January 1, 2022

Lesson 15: Full-stack Developers

Lesson 15: Full-stack Developers

I recently read an article debating whether Superman or Spectre was more powerful. A poll was taken and an overwhelming amount of nerds like me voted in favor of Spectre.

It makes sense.

Spectre is granted limitless power by The Presence (DC Comics version of God) to accomplish any feat within his imagination…

…It’s kinda hard to beat that.

If that wasn’t enough, he also has the ability to alter reality. He can warp time and space or shapeshift however he pleases.

Oh yeah. And he has all the knowledge in the universe. And not just the universe we know. Spectre has all the knowledge from all the universes that may have been subjected to a time distortion. Another arrow in the ol’ superpower quiver...

...He likely is also proficient with a bow and said arrow.

In one particular episode, Spectre even made The Joker feel remorse which was thought to have been impossible…

…nuff said.

So it should come as no surprise that every leader in every tech company is looking for the Spectre engineer with all the expected superpowers…

…and so without any further adieu, may I introduce to you…


In the eyes of technology leaders, the full-stack developer has basically the same abilities as Spectre.

“What? We have a defect?” the CEO asks. “Can’t you just, like, warp time and go back and not do that?”

And like the comic superhero, not only is the full-stack developer all powerful…

…the full-stack developer is also completely make believe…

…it ain’t easy.

“Super FSD!” we all clamor. “Save us from delivery delays, crippling development dependencies, and painfully indecisive technology meetings.”

Adorned in his uniform of a hoodie and an unkempt hipster beard, Super FSD walks into the office as if he's flying on a smoke cloud of pot.

“Have no fear, my friends. I possess average intelligence in one specific thing and a superficial knowledge of all things,” he exclaims. “Here I am to save the day.”

He eagerly gets to work.

Once you get to know the full-stack developer, you soon begin to realize that this person is less like a superhero and more like a villain in a Scooby Doo episode. Several sprints of disappointing releases go by and like Fred and Velma you start putting the puzzle pieces together.

“Let’s see who is actually under this full-stack developer mask,” you say as you rip off the façade.

“Oh, he's actually just another mediocre developer,” everyone realizes the obvious.

“And I would have gotten away with it too if it wasn’t for those meddling Product Managers who actually expect me to produce something,” the developer laments.

On one particularly useless website, the full-stack developer is described as "someone who is an expert in the front end and the back end of an application. They also tend to be well versed in both business logic and user experience. They have good communication skills and their experience helps them become leaders in the organization"…

…They can also breathe underwater and kick a 63 yard field goal.

At this point in my career, I have literally worked with hundreds and hundreds of engineers all over the world…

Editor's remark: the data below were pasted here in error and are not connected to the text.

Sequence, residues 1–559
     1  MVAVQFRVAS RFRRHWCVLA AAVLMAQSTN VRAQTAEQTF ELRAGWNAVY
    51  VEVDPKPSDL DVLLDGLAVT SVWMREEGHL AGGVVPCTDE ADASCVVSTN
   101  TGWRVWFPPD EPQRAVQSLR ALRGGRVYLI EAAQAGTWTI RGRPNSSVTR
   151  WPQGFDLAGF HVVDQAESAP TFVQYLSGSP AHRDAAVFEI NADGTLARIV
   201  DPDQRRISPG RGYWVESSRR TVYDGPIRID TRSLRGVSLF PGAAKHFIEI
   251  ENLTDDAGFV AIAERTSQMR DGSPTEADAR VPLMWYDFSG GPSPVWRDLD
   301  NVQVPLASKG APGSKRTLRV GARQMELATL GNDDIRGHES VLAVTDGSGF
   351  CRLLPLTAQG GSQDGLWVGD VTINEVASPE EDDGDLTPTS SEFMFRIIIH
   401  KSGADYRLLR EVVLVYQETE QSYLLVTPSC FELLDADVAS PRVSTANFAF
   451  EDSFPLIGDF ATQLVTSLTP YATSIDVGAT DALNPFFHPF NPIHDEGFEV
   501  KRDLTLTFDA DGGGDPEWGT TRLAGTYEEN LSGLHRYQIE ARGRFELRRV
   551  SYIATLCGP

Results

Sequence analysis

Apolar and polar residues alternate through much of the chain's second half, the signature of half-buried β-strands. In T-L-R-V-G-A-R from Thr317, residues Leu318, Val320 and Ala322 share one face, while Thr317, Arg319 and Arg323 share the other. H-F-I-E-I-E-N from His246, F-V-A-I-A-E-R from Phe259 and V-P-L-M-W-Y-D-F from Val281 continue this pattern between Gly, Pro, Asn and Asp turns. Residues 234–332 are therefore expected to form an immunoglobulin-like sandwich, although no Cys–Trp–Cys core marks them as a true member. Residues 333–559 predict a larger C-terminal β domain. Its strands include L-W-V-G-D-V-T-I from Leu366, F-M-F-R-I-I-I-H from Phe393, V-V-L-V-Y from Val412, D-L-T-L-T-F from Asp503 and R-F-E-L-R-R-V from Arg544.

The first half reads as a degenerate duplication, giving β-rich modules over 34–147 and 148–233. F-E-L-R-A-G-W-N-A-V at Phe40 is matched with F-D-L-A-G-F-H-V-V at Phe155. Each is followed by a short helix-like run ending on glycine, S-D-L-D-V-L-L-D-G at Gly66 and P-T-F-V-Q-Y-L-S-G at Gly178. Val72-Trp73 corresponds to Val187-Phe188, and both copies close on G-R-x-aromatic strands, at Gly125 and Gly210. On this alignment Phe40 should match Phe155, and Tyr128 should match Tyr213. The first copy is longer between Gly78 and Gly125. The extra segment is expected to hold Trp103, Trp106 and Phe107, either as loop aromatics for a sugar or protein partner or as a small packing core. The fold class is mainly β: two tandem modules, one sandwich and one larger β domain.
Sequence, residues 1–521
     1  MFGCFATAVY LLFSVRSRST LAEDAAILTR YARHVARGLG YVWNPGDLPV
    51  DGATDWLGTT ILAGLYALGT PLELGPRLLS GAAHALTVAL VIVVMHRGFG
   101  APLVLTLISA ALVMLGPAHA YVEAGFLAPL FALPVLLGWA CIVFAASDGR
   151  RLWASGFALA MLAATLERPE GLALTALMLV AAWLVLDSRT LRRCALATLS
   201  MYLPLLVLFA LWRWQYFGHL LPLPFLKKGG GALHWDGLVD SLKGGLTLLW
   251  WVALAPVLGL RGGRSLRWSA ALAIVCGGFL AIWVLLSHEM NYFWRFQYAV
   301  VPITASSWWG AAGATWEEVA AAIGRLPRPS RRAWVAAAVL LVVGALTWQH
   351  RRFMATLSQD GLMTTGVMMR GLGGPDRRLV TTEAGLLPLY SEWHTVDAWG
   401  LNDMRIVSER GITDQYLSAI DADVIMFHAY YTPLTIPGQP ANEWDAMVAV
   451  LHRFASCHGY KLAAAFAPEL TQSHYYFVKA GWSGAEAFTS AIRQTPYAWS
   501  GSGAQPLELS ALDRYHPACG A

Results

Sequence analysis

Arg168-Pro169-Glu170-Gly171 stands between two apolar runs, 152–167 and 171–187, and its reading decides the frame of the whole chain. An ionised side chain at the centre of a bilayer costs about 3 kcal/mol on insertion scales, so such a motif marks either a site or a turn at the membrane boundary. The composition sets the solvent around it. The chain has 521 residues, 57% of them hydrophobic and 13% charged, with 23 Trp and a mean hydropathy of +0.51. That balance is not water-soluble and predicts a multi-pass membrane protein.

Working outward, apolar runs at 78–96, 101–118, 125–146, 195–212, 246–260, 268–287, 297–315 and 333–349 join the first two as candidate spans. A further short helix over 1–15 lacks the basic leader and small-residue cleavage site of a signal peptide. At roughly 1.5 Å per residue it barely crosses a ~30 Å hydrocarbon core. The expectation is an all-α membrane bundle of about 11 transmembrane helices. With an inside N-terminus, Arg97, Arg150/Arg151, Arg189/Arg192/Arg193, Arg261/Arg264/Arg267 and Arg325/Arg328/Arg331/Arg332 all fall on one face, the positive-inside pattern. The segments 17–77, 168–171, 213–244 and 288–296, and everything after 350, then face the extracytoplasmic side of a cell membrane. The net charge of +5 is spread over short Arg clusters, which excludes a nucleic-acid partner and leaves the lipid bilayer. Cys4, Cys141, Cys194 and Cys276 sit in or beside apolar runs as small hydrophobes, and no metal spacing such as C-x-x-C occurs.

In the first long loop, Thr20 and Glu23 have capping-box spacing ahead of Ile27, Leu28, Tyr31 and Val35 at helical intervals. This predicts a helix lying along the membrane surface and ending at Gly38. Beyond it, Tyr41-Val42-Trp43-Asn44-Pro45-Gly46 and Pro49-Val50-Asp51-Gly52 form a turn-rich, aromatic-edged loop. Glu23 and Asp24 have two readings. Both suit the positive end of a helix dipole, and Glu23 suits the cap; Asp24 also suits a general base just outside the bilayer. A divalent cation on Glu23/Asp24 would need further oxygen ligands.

…I have yet to meet a developer that fits that description.

Yet I know they are out there, lurking in the deep waters of the engineering profession like a 20 pound largemouth bass.

“Look what we caught,” Google says. “Check out the size of this one,” Apple says. “Wow this is a biggun,” Facebook says.

One thing is for sure. None of these mythical full-stack developers are being lured by the bait your company is throwing in the water…

…and yet…

…most likely your entire dev strategy is based on having a stocked pool of oversized bigmouth full-stack developers…

…and all you get is the oversized bigmouth part.

Fishing jokes aside, the legend of the full-stack developer wreaks its havoc in so many ways. It's never good when you think someone has skills to do something but they actually don't...

...just ask the San Diego Chargers who ended up with Ryan Leaf, the undisputed biggest draft bust in NFL history.

And to think that in 1998 he was considered a toss up for the #1 draft pick with Peyton Manning.

Here's the problem with Ryan Leaf.

After leading his high school football team to the state championship, he was told that his build and athleticism was perfect for tight end, or linebacker, or what the hell, why not quarterback.

Ryan Leaf was a full-stack football player. Honestly, do we even need anyone else on the team?

"Ryan Leaf takes the snap. Ryan Leaf passes to Ryan Leaf. Oooh. Ryan Leaf is tackled by Ryan Leaf."

Sounds ridiculous, right?

Yet we treat the full-stack developer the exact same way.

"Super FSD builds the database. Super FSD picks out a front-end framework. Super FSD polished the user interface with expertly crafted CSS."

By the time Ryan Leaf entered the NFL draft, his draft prospect profile described him as "self-confident to the point where some people view him as being arrogant and almost obnoxious."

Ever met a full-stack developer that meets that description...


So here’s the lesson. You likely don’t have a Spectre on your team. If you do, then count your luckily stars, say your Hail Marys, and perform whatever sacred ritual is required to get that person to stick around. Blackmail them if you have to because most likely they are being lured by better bait.

But since you don't have a Spectre, you're going to have to get to know each member of your team. Then, be brutally honest with yourself about the talent you have to work with. Then get to work on maximizing that talent for your product.

And in the end, it's better that you have a team of Peyton Mannings who are really focused, honest about their weaknesses, and good at their respective jobs...

...rather than a bunch of cocky full-stack Ryan Leafs...

...I mean, at least Peyton never went to prison...